Tonight William M. Fowler, Jr., will speak at 6:00 P.M. on his new book, American Crisis: George Washington and the Dangerous Two Years After Yorktown, 1781-1783. Bill is a professor at Northeastern and a former director of the M.H.S. Reading his short biography of Samuel Adams was one of the steps that ultimately led me to Boston 1775 (so he has a lot to answer for). The reception before Bill’s talk will start at 5:30. Register for the event here.
On Tuesday, 6 December, at 5:15 P.M. the Boston-Area Early American History Seminar will feature a panel discussion on colonial family law. One presentation will look at “Boston Almshouse children and…their patterns of binding out through four multi-child narratives.” Another will explore “the little-known role played by midwives in the colonial courtroom.” Panelists are Abby Chandler of the University of Massachusetts, Lowell; Ruth Wallis Herndon of Bowling Green; and moderator Cornelia Hughes Dayton of the University of Connecticut.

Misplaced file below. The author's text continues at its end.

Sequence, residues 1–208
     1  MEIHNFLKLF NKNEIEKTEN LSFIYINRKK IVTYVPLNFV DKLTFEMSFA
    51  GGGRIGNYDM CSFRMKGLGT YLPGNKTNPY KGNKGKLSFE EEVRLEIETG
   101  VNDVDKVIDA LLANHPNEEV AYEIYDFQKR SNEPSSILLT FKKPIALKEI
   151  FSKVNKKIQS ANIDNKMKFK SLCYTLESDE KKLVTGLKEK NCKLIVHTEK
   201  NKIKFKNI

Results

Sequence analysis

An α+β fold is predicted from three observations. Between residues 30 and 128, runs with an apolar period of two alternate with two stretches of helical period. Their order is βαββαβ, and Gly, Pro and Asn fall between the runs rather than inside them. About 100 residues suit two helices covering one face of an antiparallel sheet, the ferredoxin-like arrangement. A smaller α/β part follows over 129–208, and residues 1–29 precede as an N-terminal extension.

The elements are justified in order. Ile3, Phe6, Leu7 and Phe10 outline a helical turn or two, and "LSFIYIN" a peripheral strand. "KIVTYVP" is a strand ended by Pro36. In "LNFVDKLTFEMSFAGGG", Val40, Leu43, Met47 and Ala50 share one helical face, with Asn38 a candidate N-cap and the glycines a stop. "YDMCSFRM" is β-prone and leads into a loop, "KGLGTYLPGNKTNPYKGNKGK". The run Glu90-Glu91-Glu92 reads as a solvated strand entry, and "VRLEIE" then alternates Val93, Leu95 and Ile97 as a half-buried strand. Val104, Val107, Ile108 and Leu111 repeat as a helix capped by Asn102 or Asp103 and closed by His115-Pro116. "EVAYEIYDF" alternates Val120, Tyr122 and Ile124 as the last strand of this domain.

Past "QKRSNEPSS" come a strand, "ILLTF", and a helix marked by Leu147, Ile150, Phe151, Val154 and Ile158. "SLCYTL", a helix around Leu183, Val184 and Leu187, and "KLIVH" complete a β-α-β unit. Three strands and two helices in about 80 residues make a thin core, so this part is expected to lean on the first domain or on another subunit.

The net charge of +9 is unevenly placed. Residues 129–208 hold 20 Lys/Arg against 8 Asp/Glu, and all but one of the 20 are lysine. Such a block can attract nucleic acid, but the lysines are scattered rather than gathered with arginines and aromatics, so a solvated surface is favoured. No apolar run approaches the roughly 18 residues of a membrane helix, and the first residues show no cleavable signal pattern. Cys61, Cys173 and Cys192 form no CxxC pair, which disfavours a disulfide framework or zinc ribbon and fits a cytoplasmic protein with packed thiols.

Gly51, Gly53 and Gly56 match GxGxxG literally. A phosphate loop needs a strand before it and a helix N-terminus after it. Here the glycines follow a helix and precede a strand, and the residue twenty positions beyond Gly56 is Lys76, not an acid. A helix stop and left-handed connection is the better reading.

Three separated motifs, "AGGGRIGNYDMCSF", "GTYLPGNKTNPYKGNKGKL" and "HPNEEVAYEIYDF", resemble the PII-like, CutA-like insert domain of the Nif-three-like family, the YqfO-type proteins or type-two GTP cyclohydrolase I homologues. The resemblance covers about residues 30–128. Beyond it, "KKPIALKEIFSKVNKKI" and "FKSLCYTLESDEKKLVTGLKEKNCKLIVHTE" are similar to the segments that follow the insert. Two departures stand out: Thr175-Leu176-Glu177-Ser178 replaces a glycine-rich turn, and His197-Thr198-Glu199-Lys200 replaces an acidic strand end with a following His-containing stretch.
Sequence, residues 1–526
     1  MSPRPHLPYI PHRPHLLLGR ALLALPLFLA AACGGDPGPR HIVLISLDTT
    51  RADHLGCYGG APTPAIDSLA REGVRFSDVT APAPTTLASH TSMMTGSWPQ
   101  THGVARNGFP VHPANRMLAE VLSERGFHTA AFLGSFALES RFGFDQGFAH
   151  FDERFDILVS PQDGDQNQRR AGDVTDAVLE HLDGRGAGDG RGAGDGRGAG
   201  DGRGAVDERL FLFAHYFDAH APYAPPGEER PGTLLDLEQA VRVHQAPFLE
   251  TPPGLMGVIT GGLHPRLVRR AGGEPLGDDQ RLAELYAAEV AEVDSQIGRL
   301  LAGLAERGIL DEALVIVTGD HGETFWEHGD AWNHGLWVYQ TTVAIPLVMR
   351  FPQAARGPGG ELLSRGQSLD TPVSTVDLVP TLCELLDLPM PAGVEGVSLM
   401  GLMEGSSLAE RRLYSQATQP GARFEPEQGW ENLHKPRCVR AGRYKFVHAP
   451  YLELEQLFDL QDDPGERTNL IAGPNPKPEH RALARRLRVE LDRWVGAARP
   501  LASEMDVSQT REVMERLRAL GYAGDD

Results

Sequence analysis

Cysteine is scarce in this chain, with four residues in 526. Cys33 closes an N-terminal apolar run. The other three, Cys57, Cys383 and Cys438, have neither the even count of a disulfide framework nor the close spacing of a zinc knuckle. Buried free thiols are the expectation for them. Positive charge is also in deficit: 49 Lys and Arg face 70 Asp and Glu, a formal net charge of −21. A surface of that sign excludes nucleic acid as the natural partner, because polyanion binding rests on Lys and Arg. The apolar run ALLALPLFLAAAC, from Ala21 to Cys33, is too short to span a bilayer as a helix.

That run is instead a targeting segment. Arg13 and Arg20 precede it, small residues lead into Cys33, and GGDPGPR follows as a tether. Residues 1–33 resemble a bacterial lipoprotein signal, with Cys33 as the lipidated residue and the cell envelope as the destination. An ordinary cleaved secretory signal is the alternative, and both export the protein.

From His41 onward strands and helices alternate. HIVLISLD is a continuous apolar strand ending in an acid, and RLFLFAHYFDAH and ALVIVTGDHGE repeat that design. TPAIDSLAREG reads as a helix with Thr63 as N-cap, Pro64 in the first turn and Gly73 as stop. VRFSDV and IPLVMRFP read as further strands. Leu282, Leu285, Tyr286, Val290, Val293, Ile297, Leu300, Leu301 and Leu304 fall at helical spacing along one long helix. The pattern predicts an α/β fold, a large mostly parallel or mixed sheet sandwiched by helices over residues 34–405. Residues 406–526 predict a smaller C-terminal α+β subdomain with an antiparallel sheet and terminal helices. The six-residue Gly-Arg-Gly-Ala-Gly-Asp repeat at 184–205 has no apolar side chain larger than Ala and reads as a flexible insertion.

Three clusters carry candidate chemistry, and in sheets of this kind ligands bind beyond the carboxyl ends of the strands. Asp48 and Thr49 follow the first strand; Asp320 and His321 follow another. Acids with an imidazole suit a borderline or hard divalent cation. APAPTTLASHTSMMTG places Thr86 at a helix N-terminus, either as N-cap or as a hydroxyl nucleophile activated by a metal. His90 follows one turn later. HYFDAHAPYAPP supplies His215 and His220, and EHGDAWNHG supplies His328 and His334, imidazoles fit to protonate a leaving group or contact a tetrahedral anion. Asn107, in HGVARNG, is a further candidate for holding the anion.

Two days later at 5:30 P.M., in the Boston Seminar on the History of Women and Gender, Jennifer Morgan of New York University will present a paper called “Quotidian Erasures: Gender and the Logic of the Early Trans-Atlantic Slave Trade.” The slave trade across the Atlantic coincided with the Enlightenment’s new scientific study of people. The result is more data for historians, but also more questions about how and why that data was collected and its meaning then and now. At least that’s how I interpret the seminar description. Prof. Linda Heywood of Boston University will comment.
Finally, folks interested in the seventeenth century might want to peek in on the seminar on Wednesday, 14 December, in which Jonathan Beecher Field of Clemson will lay out his research on how John Winthrop understood and presented the stories of “monstrous births” involving—surprise!—his religious and political enemies. With that appetizing subject, this is naturally a brown-bag seminar, starting at noon.